Patient Counseling Information
- See FDA-approved patient labeling (Medication Guide and Instructions for Use)
Patients should remain under the care of a physician while taking Tyzeka. They should discuss any new symptoms or concurrent medications with their physician.
Patients should be advised to report promptly unexplained muscle weakness, tenderness, or pain.
Patients should be advised to report promptly any numbness, tingling, and/or burning sensations in the arms and/or legs, with or without difficulty walking.
Patients should be advised that Tyzeka is not a cure for hepatitis B, that the long-term treatment benefits of Tyzeka are unknown at this time. In particular, the relationship of initial treatment response to outcomes such as hepatocellular carcinoma and decompensated cirrhosis is unknown.
Patients should be informed that deterioration of liver disease may occur in some cases if treatment is discontinued, and that they should discuss any change in regimen with their physician.
Patients should be advised that treatment with Tyzeka has not been shown to reduce the risk of transmission of HBV to others through sexual contact or blood contamination. HBV prevention strategies should be discussed with patients, including safe sexual practices, and avoidance of needle sharing or sharing any personal items which may contain residual blood or body fluids, such as razor blades or toothbrushes. Additionally, a vaccine is available for prevention of hepatitis B infection in susceptible individuals.
Patients on a low sodium diet should be advised that Tyzeka oral solution contains approximately 47 mg of sodium per 600 mg dose (30 mL).
Patients should be advised to dispose of unused or expired Tyzeka by using a community pharmaceutical take-back disposal program, or by placing unused Tyzeka in a closed container, such as a sealed bag, into household trash. All identifying information should be removed from the original Tyzeka container prior to disposal.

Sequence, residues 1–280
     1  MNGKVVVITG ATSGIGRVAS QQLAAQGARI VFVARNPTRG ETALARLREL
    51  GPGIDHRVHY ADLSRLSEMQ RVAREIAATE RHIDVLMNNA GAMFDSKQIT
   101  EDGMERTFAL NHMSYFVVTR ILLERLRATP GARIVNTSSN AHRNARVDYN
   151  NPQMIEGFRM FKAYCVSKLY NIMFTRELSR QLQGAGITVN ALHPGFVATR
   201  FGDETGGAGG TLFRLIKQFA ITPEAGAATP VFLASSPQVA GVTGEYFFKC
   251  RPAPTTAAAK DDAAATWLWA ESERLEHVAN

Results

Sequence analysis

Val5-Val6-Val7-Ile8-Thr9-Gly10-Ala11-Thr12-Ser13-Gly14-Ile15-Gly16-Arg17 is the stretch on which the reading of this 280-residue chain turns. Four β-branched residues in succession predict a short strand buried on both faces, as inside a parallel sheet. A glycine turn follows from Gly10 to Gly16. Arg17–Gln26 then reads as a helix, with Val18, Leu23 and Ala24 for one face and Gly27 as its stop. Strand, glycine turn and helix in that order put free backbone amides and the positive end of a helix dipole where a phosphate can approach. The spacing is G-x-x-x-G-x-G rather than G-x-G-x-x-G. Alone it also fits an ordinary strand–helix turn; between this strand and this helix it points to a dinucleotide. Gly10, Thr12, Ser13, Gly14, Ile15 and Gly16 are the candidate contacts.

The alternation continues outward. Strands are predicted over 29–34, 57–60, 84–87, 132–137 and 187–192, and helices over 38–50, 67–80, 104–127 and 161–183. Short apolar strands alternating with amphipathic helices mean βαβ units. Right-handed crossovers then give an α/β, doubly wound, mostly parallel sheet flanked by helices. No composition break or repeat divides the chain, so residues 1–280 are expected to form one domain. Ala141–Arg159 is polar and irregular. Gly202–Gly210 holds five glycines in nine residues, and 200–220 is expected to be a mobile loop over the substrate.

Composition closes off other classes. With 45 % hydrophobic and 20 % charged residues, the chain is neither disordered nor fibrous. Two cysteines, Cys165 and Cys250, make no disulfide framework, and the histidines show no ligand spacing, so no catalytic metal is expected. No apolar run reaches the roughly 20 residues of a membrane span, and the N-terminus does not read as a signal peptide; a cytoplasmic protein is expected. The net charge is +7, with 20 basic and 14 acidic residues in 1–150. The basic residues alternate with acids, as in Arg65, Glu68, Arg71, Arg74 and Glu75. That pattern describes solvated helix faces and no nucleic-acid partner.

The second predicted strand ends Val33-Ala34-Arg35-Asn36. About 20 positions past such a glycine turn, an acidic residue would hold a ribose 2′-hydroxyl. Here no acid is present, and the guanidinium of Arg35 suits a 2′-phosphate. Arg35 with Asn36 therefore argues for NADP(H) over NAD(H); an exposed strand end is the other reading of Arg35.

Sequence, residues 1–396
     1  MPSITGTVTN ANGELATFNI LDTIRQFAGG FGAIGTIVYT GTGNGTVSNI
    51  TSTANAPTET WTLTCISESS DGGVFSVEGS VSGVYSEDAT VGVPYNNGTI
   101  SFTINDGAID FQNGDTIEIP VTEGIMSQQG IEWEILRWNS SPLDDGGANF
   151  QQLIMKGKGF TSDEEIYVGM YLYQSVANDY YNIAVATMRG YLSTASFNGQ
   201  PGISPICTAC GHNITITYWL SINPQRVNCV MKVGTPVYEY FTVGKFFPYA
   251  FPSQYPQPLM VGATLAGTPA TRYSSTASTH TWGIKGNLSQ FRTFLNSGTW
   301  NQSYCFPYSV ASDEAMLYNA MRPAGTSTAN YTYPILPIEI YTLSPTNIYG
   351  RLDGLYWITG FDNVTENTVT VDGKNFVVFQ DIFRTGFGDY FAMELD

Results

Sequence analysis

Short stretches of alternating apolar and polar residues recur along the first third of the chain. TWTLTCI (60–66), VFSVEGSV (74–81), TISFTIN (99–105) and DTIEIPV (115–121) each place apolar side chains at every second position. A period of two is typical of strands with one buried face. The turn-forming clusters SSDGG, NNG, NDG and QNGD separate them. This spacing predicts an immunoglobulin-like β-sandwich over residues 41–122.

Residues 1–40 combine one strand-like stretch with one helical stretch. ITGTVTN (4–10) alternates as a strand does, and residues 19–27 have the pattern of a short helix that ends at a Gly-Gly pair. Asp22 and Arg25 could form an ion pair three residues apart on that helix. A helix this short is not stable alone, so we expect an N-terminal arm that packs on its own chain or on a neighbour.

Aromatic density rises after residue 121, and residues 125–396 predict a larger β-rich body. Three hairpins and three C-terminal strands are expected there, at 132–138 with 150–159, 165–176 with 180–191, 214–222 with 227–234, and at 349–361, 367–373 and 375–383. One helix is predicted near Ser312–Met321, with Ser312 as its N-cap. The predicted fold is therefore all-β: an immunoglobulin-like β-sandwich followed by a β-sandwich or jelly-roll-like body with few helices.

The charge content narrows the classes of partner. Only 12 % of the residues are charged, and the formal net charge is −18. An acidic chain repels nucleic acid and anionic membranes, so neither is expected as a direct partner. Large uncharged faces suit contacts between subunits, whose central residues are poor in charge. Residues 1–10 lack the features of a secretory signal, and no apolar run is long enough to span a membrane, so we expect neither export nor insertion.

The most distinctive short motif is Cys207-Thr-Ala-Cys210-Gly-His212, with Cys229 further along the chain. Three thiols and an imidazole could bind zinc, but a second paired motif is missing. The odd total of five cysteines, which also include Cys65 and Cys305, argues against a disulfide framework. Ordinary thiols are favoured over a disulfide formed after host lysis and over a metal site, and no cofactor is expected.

Carcinogenesis, Mutagenesis, Impairment of Fertility
Telbivudine has shown no carcinogenic potential. Long term oral carcinogenicity studies with telbivudine were negative in mice and rats at exposures up to 14 times those observed in humans at the therapeutic dose of 600 mg per day.
There was no evidence of genotoxicity based on in vitro or in vivo tests. Telbivudine was not mutagenic in the Ames bacterial reverse mutation assay using S. typhimurium and E. coli strains with or without metabolic activation. Telbivudine was not clastogenic in mammalian-cell gene mutation assays, including human lymphocyte cultures and an assay with Chinese hamster ovary cells with or without metabolic activation. Furthermore, telbivudine showed no effect in an in vivo micronucleus study in mice.
Effects on fertility were studied in rats administered telbivudine as juveniles or adults. Juvenile rats were treated with telbivudine at doses of 0, 250, 1000, and 2000 mg per kg per day from post natal days 14 to 70. These rats were mated following a 5 week drug-free recovery period. Up to 50% reduction of fertility was associated with doses 1000 mg per kg per day and higher, which was equivalent to a systemic exposure approximately 7.5 times that achieved in humans at the therapeutic dose. The no observed adverse effect level (NOAEL) for effects on fertility or mating parameters was 250 mg per kg per day, which was equivalent to systemic exposure levels 2.5 to 2.8 times that achieved in humans at the therapeutic dose. In contrast, such reduction of fertility was absent in adult rats treated with telbivudine at doses up to 2000 mg per kg per day, equivalent to a systemic exposure approximately 14 times that achieved in humans at the therapeutic dose.